Another advantage is that removing the outer essentially pure zinc layer of the coating does not inhibit the ability to form a metallurgical bond, but rather, serves to enhance metallurgical bonding by presenting a clean unadulterated surface ofthe coating to the aluminum cylinder block material during castings.

BRIEF DESCRIPTION OF THE DRAWINGS

Other advantages of the present invention will be readily appreciated as the same becomes better understood by reference to the following detailed description when considered in connection with the accompanying drawings wherein:

FIG. 1 is schematic flow diagram illustrating the method of the subject invention;

FIG. 2 is a cross-sectional view of the coated cylinder liner taken along lines 2--2 of FIG. 1;

FIG. 3 is a view like FIG. 2 but with a substantial portion of the essentially pure zinc outer layer of the coating removed; and

FIG. 4 is a partial cross-sectional view of the cylinder block casting taken along lines 4--4 of FIG. 1 showing the liner metallurgically bonded to the cylinder block.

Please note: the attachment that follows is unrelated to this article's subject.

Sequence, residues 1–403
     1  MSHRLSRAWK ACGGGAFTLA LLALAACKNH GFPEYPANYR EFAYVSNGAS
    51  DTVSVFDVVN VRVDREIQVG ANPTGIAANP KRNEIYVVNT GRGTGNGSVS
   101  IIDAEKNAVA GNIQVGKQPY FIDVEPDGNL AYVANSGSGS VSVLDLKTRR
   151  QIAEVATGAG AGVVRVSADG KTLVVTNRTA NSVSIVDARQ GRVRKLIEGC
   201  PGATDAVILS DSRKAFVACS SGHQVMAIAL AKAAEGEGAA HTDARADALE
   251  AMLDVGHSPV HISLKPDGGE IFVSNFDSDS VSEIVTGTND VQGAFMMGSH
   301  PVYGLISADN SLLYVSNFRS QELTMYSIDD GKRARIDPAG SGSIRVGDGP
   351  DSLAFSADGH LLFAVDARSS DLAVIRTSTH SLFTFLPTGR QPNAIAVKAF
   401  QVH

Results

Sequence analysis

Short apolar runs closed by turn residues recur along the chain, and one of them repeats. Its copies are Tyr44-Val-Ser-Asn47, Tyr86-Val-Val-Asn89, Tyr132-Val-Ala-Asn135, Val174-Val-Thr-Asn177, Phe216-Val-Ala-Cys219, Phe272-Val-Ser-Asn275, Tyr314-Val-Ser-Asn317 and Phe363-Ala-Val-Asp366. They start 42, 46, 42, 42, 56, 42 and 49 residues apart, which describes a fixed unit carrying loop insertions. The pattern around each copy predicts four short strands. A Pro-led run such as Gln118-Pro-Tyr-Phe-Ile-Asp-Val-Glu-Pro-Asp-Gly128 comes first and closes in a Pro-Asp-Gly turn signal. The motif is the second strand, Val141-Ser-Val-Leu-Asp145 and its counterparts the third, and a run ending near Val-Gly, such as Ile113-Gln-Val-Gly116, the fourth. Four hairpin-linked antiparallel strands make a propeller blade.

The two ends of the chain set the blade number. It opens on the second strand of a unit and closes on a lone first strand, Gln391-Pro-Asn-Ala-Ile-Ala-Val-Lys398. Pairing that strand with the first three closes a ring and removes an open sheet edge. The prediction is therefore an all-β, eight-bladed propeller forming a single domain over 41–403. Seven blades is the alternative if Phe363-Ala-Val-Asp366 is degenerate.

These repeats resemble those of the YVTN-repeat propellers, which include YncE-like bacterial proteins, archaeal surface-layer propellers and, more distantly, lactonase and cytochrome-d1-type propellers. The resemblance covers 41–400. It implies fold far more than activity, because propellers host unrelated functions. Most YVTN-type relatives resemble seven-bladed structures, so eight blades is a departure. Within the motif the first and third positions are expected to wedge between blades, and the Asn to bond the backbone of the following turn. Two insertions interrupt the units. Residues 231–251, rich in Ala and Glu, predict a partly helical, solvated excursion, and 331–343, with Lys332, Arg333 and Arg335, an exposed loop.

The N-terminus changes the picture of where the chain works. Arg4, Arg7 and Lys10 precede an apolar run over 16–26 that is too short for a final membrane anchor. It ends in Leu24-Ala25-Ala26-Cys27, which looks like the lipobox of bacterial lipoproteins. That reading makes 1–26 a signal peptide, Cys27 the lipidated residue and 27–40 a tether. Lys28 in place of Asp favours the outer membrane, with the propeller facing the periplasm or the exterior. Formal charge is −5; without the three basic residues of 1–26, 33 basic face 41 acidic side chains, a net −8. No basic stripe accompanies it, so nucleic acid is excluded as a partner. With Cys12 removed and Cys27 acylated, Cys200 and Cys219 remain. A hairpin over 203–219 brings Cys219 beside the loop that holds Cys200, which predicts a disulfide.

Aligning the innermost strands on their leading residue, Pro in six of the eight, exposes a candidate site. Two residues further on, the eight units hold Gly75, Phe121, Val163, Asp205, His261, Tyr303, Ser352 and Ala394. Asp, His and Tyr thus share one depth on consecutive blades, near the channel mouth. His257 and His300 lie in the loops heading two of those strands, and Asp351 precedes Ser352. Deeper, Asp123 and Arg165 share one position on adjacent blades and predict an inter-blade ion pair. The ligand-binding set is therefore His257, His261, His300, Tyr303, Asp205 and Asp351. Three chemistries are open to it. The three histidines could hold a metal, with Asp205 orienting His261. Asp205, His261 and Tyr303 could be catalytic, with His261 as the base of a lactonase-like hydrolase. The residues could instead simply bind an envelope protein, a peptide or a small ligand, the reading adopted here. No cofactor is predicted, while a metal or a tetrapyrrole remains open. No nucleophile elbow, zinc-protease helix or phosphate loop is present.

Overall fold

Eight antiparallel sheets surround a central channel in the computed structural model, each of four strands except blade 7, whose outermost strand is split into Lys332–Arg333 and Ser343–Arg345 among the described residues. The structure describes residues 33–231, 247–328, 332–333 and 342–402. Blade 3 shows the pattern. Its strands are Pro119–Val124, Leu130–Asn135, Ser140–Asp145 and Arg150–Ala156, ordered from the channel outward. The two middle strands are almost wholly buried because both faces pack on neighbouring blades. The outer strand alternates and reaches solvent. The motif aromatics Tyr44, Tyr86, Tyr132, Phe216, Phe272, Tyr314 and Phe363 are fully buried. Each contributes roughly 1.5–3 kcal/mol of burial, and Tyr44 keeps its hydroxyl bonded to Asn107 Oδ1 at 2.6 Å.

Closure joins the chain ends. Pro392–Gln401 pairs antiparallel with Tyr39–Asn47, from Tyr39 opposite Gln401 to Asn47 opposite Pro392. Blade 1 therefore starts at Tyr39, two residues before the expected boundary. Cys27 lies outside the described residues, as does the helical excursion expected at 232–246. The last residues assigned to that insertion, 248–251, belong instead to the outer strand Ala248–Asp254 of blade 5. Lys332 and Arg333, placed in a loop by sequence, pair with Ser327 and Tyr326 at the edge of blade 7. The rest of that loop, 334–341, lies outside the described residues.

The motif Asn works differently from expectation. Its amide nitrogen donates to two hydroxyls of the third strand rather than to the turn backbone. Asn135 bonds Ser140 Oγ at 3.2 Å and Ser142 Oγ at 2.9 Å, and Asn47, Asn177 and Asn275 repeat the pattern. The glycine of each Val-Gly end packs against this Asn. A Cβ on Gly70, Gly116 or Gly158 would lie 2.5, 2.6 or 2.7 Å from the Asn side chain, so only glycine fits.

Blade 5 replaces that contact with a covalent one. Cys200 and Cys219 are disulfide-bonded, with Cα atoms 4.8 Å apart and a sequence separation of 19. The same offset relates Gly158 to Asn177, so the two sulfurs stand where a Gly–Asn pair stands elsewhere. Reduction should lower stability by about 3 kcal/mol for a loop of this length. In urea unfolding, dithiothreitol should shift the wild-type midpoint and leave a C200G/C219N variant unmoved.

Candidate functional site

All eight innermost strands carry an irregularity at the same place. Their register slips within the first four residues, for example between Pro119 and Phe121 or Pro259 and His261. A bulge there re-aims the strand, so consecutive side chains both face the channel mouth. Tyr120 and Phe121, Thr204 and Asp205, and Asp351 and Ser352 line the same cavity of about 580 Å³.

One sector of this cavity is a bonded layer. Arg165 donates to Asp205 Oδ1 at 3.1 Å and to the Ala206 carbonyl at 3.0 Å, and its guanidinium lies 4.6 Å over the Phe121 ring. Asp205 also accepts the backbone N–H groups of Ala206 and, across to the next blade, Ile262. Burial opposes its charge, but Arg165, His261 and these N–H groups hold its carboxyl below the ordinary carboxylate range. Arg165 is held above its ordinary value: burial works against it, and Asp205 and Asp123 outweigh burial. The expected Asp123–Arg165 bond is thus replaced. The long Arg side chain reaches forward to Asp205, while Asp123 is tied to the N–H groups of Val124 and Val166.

DETAILED DESCRIPTION OF THE DRAWINGS

A flow diagram of the method of the subject invention is generally shown at 10 in FIG. 1 and briefly includes the steps of first forming a plurality of cylinder liners 12 and then coating the liners 12 with a low melting point metal coatingmaterial 14 in such a way that the coating material 14 metallurgically bonds to the outer surface of the liners 12. An outer layer portion 16 of the coatings 14 is then removed and the coated liners 12 disposed within a casting cavity 18 of a cylinderblock mold 20. Molten aluminum cylinder block material 22 is then cast into the cavity 18 and around the coated liners 12. This causes the coating 14 on each liner 12 to remelt and further alloy with the aluminum cylinder block material 22. Thecasting is allowed to solidify, whereupon the liners 12 metallurgically bond to the resultant cylinder block 22 via the coating 14.

The liners 12 can be formed from any material exhibiting good wear resistant properties. The liners 12 shown in the Figures are cast from iron, but could also be made from other materials such as high silicon content aluminum alloys (e.g. 390aluminum) as well as others. The number of liners 12 needed will, of course, correspond to the number of piston cylinders formed in the cylinder block 22. For instance, FIG. 1 illustrates a four cylinder V-type block 22 and thus requires four suchcylinder liners 12.

The coating material selected should be one that readily alloys itself with both the liner and block metals. Zinc as well as tin and cadmium (or their alloys) have shown to be good coating materials 14 for the present embodiment.